I love film because of the intimacy and that it is a lasting documentation of a fleeting moment. Since I'm a filmmaker too I probably catch myself more often thinking in terms of how I would like to capture this on film versus putting up a play.

Just the other day I was working in front of the camera on a project that was shooting on actual film, something that has become increasingly rare. When director Ayasylla Ghosn (who undoubtedly will define cinema landscape in the future to come), called action and the camera starting rolling it made sound, and there was almost this feeling of the camera being completely alive, that the sound was it's breath. And it personalized the experience very much. As actors we are taught the camera is the eye of the world looking at you, but sometimes that world is tiny and more precious because of it. It was a great experience. So I guess the answer would be I love both for different reasons lol!

You've continued to star across a range of television, movie, and shorts. Amongst this was the acclaimed BBC/HBO mini-series "House of Saddam", a slick, far-reaching production based on real events. How did you tackle playing a real life person in this, the daughter-in-law of Saddam Hussein?


It was interesting and important to come from a perspective of curiosity. There were so many opinions floating about of who this family was and I'm sure some of them based on solid accounts, but as an actor I just wanted her to be human. Dealing with human conditions that we all relate to. Loss, fear, hurt and always love of course.

Aside from your own work as a performer, you have your own production company, Viscus Film in partnership with your drama school friend Andrea L Goldman. Based in Los Angeles, it is described as having an "avant-garde approach to telling stories on film." Tell us more about it...


Well we are two women, and dramatic actresses at that lol! We founded this company because we really wanted to cater to a female driven and bohemian content and audience. The name Viscus - really says it all, as a noun it means: flesh internal, organs, bowels entrails and heart. As a verb it means to purge stories. So - story telling that comes from that place. We write, produce, act and direct and very often collaborate with other people- and include the community that we are part of.




Image © Nicholas J. Reid

Image © Paul Street



You've also branched out behind the camera too, in particular co-writing the short "Duo", which also saw you win Best Actress at the Los Angeles Independent Film Festival. That must be a proud acknowledgement?


yes lol! that was an amazing moment. I wrote Duo with director and actor Karl E. Landler because we were just done with waiting for people to give us permission to do what we loved doing lol! So we wrote it in 3 days, shot it in 48 hours on a road trip to Vegas on the hottest day of the year with no air conditioning lol! You really know who your friends are after that- and we had amazing friends. Since then I've written and directed two more shorts (The exodus of the ladybird), which is entering the festivals now and "Mute" which is going into post production. And the feature "Pen Pals", that I wrote and will direct and act in, is now in pre production. So a lot to do for sure lol. But I love every moment of it.

Recently, you were back in a series regular role as Lt. Erica Whitney in HULU's original series "South Beach". Was this a fun project, it certainly looks it!

Very much so. I got to work with director Joshua Caldwell, which was great because we've worked on previous projects before that and just recently I got to work with him again on the feature "Negative". I love love love playing strong roles that have complicated lives lol. 

You've just completed the filming of "The Russian Doll", described as an LGBT thriller. What can we expect from that?


I'm excited about that because for once I get to play the softer love interest. And of course my love interest is a woman. It was a wonderful experience, I was a little nervous, as there are some steamy love scenes but Director Ed Gaffney really created this safe environment. The entire set was so supportive to the fragility and sensuality of the characters.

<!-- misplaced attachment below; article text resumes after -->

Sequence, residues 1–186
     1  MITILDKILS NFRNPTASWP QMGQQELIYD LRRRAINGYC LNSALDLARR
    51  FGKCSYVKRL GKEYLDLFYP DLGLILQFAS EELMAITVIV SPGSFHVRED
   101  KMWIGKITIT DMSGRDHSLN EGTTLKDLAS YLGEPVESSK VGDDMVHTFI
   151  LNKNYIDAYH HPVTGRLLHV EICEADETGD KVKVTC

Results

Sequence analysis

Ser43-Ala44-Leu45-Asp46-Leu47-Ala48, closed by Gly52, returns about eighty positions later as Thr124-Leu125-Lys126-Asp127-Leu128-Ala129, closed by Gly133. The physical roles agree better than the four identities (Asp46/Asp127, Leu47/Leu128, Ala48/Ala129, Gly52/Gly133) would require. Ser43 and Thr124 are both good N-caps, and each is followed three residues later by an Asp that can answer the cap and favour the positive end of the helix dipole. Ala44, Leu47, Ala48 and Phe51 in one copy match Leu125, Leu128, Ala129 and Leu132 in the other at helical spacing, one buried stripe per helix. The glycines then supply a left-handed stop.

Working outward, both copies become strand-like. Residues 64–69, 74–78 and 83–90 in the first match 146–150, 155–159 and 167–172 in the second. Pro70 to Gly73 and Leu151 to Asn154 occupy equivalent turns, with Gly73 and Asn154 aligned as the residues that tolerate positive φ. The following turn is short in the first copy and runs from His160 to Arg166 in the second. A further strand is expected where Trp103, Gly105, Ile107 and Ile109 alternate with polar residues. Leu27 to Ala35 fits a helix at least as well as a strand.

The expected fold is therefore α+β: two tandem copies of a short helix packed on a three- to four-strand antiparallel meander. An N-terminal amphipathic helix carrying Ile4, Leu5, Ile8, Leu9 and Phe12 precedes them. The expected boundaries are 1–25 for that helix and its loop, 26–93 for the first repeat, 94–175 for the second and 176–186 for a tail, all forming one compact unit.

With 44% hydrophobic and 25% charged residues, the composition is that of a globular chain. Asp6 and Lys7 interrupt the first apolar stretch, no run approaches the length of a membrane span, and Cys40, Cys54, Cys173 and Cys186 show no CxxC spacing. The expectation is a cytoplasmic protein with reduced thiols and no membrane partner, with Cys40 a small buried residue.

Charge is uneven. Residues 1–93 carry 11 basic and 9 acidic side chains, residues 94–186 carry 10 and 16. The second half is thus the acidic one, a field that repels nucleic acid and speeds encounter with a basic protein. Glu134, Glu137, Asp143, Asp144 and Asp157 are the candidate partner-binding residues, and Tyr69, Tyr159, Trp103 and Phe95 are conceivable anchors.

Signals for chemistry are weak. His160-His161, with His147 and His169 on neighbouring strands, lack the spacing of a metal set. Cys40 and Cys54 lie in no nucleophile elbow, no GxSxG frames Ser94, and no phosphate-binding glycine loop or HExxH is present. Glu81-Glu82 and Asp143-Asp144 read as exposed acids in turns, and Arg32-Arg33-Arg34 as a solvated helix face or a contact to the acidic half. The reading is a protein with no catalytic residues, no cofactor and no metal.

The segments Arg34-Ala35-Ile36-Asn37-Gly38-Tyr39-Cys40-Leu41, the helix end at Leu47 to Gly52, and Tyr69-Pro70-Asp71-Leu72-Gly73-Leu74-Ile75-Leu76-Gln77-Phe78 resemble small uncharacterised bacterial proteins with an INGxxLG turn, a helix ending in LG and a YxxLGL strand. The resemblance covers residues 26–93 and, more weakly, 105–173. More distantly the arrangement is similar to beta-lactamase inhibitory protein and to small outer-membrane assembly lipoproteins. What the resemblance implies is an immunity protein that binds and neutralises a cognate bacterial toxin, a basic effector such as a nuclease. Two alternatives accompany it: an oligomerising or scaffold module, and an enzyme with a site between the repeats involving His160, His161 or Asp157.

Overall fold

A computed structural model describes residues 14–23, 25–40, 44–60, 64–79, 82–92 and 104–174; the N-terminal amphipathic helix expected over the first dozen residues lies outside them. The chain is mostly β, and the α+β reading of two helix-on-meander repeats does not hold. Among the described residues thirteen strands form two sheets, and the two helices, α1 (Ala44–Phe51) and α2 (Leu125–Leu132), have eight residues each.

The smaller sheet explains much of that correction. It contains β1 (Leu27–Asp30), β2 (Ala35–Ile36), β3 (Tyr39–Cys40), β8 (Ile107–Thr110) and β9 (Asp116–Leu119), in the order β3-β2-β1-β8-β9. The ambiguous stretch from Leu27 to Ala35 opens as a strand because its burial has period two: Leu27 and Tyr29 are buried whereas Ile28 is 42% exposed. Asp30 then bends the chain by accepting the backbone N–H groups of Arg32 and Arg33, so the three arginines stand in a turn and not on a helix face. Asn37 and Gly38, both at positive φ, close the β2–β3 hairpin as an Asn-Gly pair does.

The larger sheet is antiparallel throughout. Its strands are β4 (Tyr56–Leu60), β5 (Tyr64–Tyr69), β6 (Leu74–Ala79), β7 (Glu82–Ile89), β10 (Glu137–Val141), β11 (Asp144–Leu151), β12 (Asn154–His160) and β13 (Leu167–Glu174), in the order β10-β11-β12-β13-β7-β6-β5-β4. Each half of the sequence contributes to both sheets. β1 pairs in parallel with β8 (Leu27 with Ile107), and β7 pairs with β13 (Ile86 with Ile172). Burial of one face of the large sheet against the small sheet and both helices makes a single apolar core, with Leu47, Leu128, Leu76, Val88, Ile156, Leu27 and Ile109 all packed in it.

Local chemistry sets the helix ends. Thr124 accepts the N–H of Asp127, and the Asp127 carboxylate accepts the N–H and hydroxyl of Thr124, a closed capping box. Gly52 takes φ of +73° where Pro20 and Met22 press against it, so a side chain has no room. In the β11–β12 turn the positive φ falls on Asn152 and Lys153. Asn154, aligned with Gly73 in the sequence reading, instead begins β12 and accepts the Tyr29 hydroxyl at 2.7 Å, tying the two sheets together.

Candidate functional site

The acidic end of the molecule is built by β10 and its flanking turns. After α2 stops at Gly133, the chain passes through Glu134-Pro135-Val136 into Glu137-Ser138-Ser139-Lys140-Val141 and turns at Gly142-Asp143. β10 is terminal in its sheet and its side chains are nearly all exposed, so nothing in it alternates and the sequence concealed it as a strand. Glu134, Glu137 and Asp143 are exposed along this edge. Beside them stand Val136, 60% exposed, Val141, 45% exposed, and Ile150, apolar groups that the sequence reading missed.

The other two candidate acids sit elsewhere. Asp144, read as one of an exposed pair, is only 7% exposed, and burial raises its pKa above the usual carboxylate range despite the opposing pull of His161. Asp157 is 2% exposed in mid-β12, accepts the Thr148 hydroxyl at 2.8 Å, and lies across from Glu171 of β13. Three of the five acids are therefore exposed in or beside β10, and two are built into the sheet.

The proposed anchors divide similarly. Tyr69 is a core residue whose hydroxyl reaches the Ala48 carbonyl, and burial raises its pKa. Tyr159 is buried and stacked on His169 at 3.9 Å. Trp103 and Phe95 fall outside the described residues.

And I had a very good coach for the love making department - and yes we should all update our knowledge regarding that from time to time- just saying lol! 




As Melanie in “Duo” (with Karl E. Landler) Image © Emma K. Studio Photography

As Ladybird in “The Exodus of the Ladybird” Image © Brittney Najar



You've certainly got a lot more upcoming projects on the horizon for the rest of this year (and even beyond!). Are there any others you can tell us about?


Actors Anonymous is being released this year, this is a film produced and acted in by James Franco

I shot a pilot called DAD Inc, a super fun project that stars creator/director/writer: Jack Roberts, Julie Dray from BBC's "Crashing" and Marshall Bell from "total Recall" and "starship trooper", and in general just an amazing cast.


A new project, I'd like to share just got green lit to start filming this winter. It is called Riley Parra. Based on the book by Geonn Cannon with the same title. I get to play lead character Detective Riley Parra, who finds herself fighting all kinds of forces in her quest to make "no-man's land" safe again. 

This is a Tello Films production, which I'm super excited about. Tello is the leading worldwide platform for LGBTQ content, and when co founder and director Christin Baker approached me with the project, I was just so thrilled to bring this action driven story to life. 

I've started the physical prep this week which is super fun, as there is a lot of fighting and tactical training. I have an amazing team in place helping me - Jerry Ford my Trainer has devised an entire program geared towards the character's needs. Speed, strength and agility and of course fight training. Then I work closely with a dear friend and former British Forces Operator, his company Artifex is based in Orange County - so I go there pretty much once a week for target practice. He's been cranking the training up to the next level. So by the time we are ready to shoot the action sequences will be authentic and intense. Music to any actor's ear lol.


Another project that is gearing momentum is a series called "Call me Lili". About a french woman navigating love and life in Hollywood. I got to work again with the wonderful Aurelie Meriel, who stars in my movie "MUTE", and with award winning director Ayasylla Ghosn. It's a testament that your very talented colleagues become your very dear friends.

Thanks Marem for giving your time to us here. Is there anything else you'd like to add?

I'm really grateful and honored to have been a part of dream Team and that what we did still brings joy to people. That's really all one can hope for as an artist- to bring something to life and share it. So thank you for giving us this platform:))



Marem Hassler